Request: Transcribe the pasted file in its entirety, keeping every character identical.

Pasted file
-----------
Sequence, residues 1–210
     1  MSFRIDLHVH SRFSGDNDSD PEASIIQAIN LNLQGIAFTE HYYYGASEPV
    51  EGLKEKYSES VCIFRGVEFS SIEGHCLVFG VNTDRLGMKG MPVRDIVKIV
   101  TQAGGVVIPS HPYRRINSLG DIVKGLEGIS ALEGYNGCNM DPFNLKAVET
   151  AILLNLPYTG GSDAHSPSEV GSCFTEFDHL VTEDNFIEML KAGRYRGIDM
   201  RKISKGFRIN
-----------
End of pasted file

Sequence, residues 1–210
     1  MSFRIDLHVH SRFSGDNDSD PEASIIQAIN LNLQGIAFTE HYYYGASEPV
    51  EGLKEKYSES VCIFRGVEFS SIEGHCLVFG VNTDRLGMKG MPVRDIVKIV
   101  TQAGGVVIPS HPYRRINSLG DIVKGLEGIS ALEGYNGCNM DPFNLKAVET
   151  AILLNLPYTG GSDAHSPSEV GSCFTEFDHL VTEDNFIEML KAGRYRGIDM
   201  RKISKGFRIN